Naturalist Ant Collectors

Every Ant Tells a Story - And Scientists Explain Their Stories Here
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This page is a place for stories, tales and reports about obscure ant collectors that are not ant taxonomists. Some were biologists that perhaps studied other taxa but did, for various reasons, collect some ants. Others were naturalists or curious travelers that had cause to communicate with an ant taxonomist. Somehow it was arranged that ants were collected, sent off with some notes and from this the ants were described.

There are more than a few people that come up time and time again as the collector of specimens of ants from what used to be the parts of the world that were far removed from the centers of modern science - where ever that might have been at the time. In most cases these names are pondered over because the collector's name is attached to numerous type specimens.

Who were these obscure people? Why were they collecting ants in such and such a place? Why were they even at the places the collected? .... curious myrmecologists want to know.... and sometimes they are able to find out......

Balzan

As reported by Longino (2013) for Octostruma balzani:

This ant was named for Luigi Balzan, for whom Emery wrote this moving and poignant tribute: After a long journey across Bolivia, made very uncomfortable for lack of funds, Luigi Balzan returned to Italy a few months ago, bringing important zoological and anthropological collections. His sturdy physique, that had resisted the hardships and tropical climates, surrendered to a pernicious fever this past 20 September, in Padova, his homeland. For many years I was in correspondence with Balzan, who came to see me in Bologna before leaving; his unexpected death at a young age deeply saddened me.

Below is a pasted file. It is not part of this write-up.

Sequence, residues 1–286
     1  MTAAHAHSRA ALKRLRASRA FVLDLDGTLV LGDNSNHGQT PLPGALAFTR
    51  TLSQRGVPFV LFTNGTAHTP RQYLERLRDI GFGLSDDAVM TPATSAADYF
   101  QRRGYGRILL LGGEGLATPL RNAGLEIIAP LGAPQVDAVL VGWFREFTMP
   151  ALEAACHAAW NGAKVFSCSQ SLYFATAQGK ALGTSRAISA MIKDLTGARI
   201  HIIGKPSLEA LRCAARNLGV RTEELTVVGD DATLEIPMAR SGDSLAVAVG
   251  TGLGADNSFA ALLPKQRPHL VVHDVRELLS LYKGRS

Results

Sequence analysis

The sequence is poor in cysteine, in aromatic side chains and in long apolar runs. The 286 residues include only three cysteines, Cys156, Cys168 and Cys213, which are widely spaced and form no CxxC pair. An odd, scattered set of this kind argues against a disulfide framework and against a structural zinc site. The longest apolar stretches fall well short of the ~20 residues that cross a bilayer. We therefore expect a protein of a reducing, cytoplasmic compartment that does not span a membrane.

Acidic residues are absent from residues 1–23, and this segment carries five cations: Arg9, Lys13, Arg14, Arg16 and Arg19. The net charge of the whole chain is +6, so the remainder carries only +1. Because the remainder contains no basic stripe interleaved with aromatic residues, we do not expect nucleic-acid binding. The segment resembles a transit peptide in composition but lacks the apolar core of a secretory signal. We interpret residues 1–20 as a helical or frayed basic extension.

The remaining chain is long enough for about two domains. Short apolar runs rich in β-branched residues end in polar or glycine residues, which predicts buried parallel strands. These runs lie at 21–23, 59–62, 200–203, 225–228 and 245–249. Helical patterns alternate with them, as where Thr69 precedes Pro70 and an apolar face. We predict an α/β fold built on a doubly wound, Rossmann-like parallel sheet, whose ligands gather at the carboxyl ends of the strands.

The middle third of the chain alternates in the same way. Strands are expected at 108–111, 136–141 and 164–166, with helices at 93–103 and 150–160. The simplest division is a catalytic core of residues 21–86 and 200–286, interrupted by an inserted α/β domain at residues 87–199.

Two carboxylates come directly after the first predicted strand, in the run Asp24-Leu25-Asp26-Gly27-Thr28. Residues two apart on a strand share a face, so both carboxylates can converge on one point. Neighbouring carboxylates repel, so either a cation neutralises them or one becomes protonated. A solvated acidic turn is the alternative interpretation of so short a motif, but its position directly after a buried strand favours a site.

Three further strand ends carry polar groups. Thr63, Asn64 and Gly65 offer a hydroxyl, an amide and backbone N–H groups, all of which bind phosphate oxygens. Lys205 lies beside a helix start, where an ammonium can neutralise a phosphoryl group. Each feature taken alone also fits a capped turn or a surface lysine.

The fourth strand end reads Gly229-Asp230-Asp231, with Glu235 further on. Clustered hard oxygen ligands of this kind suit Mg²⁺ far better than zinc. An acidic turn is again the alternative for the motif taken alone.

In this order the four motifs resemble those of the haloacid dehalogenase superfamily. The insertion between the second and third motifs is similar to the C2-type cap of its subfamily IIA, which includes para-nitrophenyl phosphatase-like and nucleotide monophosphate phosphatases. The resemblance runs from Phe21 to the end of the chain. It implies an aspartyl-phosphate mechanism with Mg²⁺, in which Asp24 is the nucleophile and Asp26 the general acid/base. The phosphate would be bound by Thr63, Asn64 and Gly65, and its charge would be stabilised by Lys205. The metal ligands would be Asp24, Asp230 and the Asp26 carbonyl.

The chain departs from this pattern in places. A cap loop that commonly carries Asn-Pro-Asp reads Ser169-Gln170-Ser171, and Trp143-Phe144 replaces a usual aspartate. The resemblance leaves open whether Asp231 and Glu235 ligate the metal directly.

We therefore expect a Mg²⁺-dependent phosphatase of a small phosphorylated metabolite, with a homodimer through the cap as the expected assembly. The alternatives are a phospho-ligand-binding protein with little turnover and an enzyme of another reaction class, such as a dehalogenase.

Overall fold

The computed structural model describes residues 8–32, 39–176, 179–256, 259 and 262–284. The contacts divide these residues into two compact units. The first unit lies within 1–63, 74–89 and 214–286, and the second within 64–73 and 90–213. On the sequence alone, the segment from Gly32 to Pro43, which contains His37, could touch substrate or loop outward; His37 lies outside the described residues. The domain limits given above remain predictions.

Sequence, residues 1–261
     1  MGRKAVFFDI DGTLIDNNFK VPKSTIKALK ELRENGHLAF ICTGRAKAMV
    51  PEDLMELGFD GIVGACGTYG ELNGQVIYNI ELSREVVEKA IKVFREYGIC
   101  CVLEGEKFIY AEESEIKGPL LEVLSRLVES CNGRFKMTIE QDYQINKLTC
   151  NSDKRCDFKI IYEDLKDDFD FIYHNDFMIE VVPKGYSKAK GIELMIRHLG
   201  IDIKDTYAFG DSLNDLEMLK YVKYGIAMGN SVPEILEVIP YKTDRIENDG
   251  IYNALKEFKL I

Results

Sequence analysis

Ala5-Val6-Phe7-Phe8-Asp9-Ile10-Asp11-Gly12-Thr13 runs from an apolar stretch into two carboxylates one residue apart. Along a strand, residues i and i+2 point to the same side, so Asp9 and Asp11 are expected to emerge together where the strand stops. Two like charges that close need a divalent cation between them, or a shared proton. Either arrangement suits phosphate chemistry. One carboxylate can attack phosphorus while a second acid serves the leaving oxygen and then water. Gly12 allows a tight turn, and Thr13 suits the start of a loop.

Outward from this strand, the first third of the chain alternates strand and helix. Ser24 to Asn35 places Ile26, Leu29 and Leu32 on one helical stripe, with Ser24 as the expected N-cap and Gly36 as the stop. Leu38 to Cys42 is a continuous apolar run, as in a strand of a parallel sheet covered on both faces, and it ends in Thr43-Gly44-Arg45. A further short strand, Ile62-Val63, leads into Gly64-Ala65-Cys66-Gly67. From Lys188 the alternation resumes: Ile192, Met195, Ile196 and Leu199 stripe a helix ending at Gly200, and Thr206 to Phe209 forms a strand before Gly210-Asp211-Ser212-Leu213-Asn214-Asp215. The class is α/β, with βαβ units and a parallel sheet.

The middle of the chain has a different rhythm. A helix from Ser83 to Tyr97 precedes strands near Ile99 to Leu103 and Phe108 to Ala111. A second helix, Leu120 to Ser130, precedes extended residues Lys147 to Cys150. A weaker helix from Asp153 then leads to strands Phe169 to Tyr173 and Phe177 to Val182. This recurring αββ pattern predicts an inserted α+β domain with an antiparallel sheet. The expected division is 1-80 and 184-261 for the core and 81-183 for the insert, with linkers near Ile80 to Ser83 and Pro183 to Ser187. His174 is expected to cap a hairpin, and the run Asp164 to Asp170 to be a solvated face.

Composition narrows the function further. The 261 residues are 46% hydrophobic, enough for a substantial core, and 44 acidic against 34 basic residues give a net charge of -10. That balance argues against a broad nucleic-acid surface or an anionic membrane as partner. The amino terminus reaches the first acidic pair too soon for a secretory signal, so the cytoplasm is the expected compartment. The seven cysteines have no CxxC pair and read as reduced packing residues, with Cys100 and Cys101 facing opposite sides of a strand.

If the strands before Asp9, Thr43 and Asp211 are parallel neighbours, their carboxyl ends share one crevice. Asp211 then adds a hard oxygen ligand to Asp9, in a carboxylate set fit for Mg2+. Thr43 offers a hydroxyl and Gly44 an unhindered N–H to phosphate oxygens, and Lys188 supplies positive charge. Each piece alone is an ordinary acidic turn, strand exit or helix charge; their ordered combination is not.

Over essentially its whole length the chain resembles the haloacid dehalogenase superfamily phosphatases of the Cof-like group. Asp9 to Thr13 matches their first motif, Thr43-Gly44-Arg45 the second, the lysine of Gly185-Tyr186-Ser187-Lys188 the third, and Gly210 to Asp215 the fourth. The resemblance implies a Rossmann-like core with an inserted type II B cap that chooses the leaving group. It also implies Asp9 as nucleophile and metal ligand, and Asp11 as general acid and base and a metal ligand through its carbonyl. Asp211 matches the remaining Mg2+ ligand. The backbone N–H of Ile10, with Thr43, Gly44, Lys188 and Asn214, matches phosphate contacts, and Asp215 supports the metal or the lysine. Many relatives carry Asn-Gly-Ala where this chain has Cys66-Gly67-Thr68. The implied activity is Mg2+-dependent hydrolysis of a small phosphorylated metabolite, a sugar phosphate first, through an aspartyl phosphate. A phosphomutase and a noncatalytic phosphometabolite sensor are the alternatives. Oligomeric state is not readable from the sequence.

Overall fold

Overbeck

Hans Friedrich Overbeck, 1882-1942.

Prior the First World War Hans Overbeck was a manager at the German trading house Behn Meyer and Company based in Singapore. He was then incarcerated as an enemy alien by the British authorities from 1914 to 1919, first in Singapore and then at Holsworthy (Liverpool) and Trial Bay internment camps in Australia. After the war he returned to Behn Meyer, and was later based in Java in the Dutch East Indies. He retired in 1931 to live in Jogjakarta (Java, Indonesian).

Overbeck was incarcerated again in 1942 in Sumatra, during WW2, by the Dutch. He was unfortunately placed aboard the ship Van Imhoff, a Dutch ship loaded with German prisoners begin taken to India to evade advancing Japanese forces. The ship was nonetheless bombed by the Japanese. Slowly sinking, the crew left the ship in lifeboats and abandoned the prisoners. Most, including Overbeck, drowned.

He was a prominent Malayologist, talented linguist and expert photographer. Overbeck's Malayology research resulted in the publication of several books and over 60 scientific articles, many in the Journal of the Straits (and Malayan) Branch of the Royal Asiatic Society. He was a member of the society from 1913 until his death. His work in this area is still very significant to researchers.

Prior to WWI Overbeck collected ants in Singapore for Hugo Viehmeyer. He also collected other insects as well. The first ant named for him was Pseudolasius overbecki. Overbeck also reported he began working on rearing experiments with queens captured at lights but this work was brought to a halt by the WWI.